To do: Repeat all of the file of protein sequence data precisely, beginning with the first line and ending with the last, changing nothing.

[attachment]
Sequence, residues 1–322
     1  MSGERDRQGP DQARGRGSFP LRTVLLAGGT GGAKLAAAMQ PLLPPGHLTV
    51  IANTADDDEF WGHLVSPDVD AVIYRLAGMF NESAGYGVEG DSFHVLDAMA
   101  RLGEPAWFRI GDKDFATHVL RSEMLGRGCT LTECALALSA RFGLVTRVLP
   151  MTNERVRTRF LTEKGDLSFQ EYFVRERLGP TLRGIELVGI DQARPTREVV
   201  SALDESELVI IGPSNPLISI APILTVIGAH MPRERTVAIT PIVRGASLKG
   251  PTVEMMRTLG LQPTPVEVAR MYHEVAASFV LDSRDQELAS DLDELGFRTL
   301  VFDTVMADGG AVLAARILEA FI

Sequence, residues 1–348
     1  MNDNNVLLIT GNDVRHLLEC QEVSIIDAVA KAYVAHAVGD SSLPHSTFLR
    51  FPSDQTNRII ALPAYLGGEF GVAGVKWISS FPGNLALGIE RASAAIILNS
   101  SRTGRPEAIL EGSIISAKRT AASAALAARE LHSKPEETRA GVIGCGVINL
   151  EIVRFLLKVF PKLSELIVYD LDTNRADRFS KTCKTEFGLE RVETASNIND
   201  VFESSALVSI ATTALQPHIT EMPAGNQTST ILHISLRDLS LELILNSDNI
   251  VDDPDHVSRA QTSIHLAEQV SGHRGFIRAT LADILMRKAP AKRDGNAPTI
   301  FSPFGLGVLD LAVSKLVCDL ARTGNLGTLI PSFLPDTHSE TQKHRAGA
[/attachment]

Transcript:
Sequence, residues 1–322
     1  MSGERDRQGP DQARGRGSFP LRTVLLAGGT GGAKLAAAMQ PLLPPGHLTV
    51  IANTADDDEF WGHLVSPDVD AVIYRLAGMF NESAGYGVEG DSFHVLDAMA
   101  RLGEPAWFRI GDKDFATHVL RSEMLGRGCT LTECALALSA RFGLVTRVLP
   151  MTNERVRTRF LTEKGDLSFQ EYFVRERLGP TLRGIELVGI DQARPTREVV
   201  SALDESELVI IGPSNPLISI APILTVIGAH MPRERTVAIT PIVRGASLKG
   251  PTVEMMRTLG LQPTPVEVAR MYHEVAASFV LDSRDQELAS DLDELGFRTL
   301  VFDTVMADGG AVLAARILEA FI

Sequence, residues 1–348
     1  MNDNNVLLIT GNDVRHLLEC QEVSIIDAVA KAYVAHAVGD SSLPHSTFLR
    51  FPSDQTNRII ALPAYLGGEF GVAGVKWISS FPGNLALGIE RASAAIILNS
   101  SRTGRPEAIL EGSIISAKRT AASAALAARE LHSKPEETRA GVIGCGVINL
   151  EIVRFLLKVF PKLSELIVYD LDTNRADRFS KTCKTEFGLE RVETASNIND
   201  VFESSALVSI ATTALQPHIT EMPAGNQTST ILHISLRDLS LELILNSDNI
   251  VDDPDHVSRA QTSIHLAEQV SGHRGFIRAT LADILMRKAP AKRDGNAPTI
   301  FSPFGLGVLD LAVSKLVCDL ARTGNLGTLI PSFLPDTHSE TQKHRAGA